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just double checking, when I prime the oil pump on the c-60 , I can remove oil cap and add oil in the hole in the bottom of oil housing, how do most do this, I have a long skinny funnel I could try use, or is there a better method, thanks Jim
You can also remove the set screw that is behind the hydraulic lines on the left rear side of the engine. Just add oil until its full. I use an oil can to reach into mine. You may have to do this a couple times until you get pressure.
Jim - it is not the hole in the bottom of the housing. It is located inboard of the filter near the top of the housing.
Bigdog, what is the allen head plug for that is near the filter housing on the top for? can you prime from that hole also? thanks Jim
Take a look at Bill V's post, about 2 posts above. Put as much oil in the hole as you can. 15 or 20 squirts - may not take that much.
Crank the engine over with the top removed from the oil filter housing. When oil starts to be pumped into the housing - the engine is primed. Install the filter and oil filter cap. Start engine. The oil filter housing has to be almost full of oil before pressure will show on the guage. So keep an eye on the guage. Pressure should come up in 10 or 15 seconds (give or take). If no pressure shows up remove the top and check the oil filter to see if it's oil soaked. If oil soaked - probably faulty guage. If no oil on filter, prime the pump again.
thanks Eugene. I wish the 154 had a oil gauge, has a red dash light instead. I still might run a fitting and split the oil sensor so I can add a oil gauge.
Barnyard, I don't know what the machine shop used as a thread sealer, all the threaded plugs on the block had some kind of blue stuff on the threads I should have tried removing the allen head plug back by the oil pump, before installing engine in frame, lesson learned, it is stuck tight, and not moving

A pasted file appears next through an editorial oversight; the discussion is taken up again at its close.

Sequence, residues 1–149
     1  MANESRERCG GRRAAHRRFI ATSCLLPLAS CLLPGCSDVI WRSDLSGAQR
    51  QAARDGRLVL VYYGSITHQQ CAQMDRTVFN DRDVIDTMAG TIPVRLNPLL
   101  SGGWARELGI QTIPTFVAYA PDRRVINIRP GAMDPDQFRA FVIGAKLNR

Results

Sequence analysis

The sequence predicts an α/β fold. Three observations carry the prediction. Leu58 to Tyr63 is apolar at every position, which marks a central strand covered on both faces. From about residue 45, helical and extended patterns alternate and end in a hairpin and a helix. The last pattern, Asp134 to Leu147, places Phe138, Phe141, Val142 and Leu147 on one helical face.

I will prime from inside filter housing, thanks Jim
Jim, I had the same problem with my '48 engine rebuild. The two plugs that had to be removed were the one the shop installed in the crankcase vent and the one they added where the oil pressure gauge is installed. I tried everything to remove them, but eventually ended up drilling and using an "easy-out". I left the one on the rear of the engine, that is normally used for priming oil pump, alone, because I felt my luck with the "easy-outs" was running out.
Correct me if I am wrong but oil pump is located in the left side of the engine (when looking at it from the driver's seat). Isn't the correct method to prime is to remove the allen screw on the upper LEFT side of the rear engine (above the hydraulic lines) to prime the pump?....You really shouldn't need more than a tablespoon of oil to fill the oil pump cavity. I'm sure there is more than one way to prime the pump but I believe that what is stated above is the correct way to "prime the pump".
NJ , You are right, but you can also prime from inside oil filter housing, may take a bit longer this way. Jim
Exactly. But as mentioned - that plug is often very hard to remove. The hole accessable through the oil filter housing also runs to the oil pump and will prime the pump. It also gives you a visual on whether the pump is primed or not. If you crank the engine over and oil comes out of the hole you know the pump is primed.
Thanks what I thought. I found in my years of maintenance with allen screws is the best way to remove them is not with an allen wrench but a 1/4" or 3/8" drive set with small breaker bar or extension tube applied. (this is ofcourse after some Kroil or PB Plaster) After removal I use some Permetex non-hardening gasket sealant which will allow for removal latter in life.
I will need to reprime when I get my wife's cub back together and thought I would just use the allen screw near the hydraulic lines. Technically, they are BEHIND the hydraulic lines and would have to be removed from the tractor. I'll use the filter housing method.
Why would the engineers put the access directly behind where the lines are ran anyway? Would and inch either abouve or below not work?
No doubt that when the engine was designed, the hydraulics had not been laid out yet.
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